Harold Porter National Botanical Gardens sits at the heart of Betty’s Bay, where the Kogelberg meets the town. The gardens are integrated within the surrounding fynbos landscape and the forested Leopard Kloof and Disa Kloof. Although many parts of the garden and its infrastructure were lucky enough to emerge relatively unscathed, a considerable area burnt in the fire and the fynbos surrounding the garden looked like a lunar landscape when visiting just after the fire.
Above: Burnt seedheads open to shed their seeds hours after the fire.
Blackened stems of fynbos shrubs stuck at awkward angles above ash covered ground, starting at zero waiting for life to return again. The landscape appears desolate and devoid of all life. Occasionally seen in the veld are the sad remains of a tortoise or snake who stood no chance. Nature can be cruel.
Above: Stream below the Zigzag Trail in Harold Porter NBG three weeks after the Betty’s Bay fire.
And yet without fire there would be no fynbos. No matter the cause fynbos will always burn. Fire is an integral part of the ecology of fynbos vegetation. Many plants within the fynbos are completely dependent on fire to regenerate, flower or grow anew from seed. While walking through this blackened landscape just three weeks after the fire, frogs could be heard calling from the brown tannin coloured streams running through the fynbos, seeming an incongruous sign of life going on despite the devastation.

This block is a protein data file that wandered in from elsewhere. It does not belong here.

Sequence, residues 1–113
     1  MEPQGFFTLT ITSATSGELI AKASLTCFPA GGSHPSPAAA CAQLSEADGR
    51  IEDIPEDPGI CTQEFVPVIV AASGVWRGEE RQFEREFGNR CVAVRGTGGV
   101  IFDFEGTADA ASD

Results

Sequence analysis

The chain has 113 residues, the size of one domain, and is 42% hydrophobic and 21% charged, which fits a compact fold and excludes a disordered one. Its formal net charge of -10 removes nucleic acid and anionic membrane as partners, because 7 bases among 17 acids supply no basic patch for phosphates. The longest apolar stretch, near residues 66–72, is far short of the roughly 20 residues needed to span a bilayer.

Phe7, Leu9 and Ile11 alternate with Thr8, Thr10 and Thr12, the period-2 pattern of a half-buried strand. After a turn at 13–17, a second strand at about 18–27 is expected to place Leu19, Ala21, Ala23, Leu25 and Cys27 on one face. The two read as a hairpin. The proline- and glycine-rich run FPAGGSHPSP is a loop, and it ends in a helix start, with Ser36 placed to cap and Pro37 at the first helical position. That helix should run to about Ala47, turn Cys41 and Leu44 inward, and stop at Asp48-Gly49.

Above: Fynbos below the R44 burnt in the Betty’s Bay fire. Seedheads have opened already to disperse seed, triggered by the fire burning through the veld.
Within hours of the fire the cones of members of the Proteaceae family open, spilling their seeds onto the ground, leaving a cornucopia of food for those rodents that have survived. Fynbos wildlife has adapted in many ways to survive when fire moves through the landscape. Insects and birds will fly from the fire and many insects and spiders will survive as eggs or pupae buried in the soil or underground in ants nests. Many reptiles are adapted to take refuge in rock cracks or rodent burrows. Tortoises often survive veld fires in this way but often there are some that aren’t so lucky. Larger mammals often run from the flames. Numbers of some rodents such as the Pygmy Mouse will actually increase after a fire owing to their preference and tolerance of more open landscapes.